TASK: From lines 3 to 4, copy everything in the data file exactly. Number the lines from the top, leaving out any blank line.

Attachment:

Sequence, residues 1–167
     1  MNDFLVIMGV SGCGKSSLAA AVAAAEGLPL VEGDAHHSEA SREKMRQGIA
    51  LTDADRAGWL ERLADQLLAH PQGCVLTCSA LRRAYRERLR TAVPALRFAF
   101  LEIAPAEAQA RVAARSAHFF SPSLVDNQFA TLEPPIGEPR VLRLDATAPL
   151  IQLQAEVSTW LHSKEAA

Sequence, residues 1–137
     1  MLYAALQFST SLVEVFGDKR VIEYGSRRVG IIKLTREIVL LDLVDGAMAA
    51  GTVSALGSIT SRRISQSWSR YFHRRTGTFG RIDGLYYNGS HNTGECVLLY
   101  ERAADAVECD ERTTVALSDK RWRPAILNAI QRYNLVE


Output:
    51  LTDADRAGWL ERLADQLLAH PQGCVLTCSA LRRAYRERLR TAVPALRFAF
   101  LEIAPAEAQA RVAARSAHFF SPSLVDNQFA TLEPPIGEPR VLRLDATAPL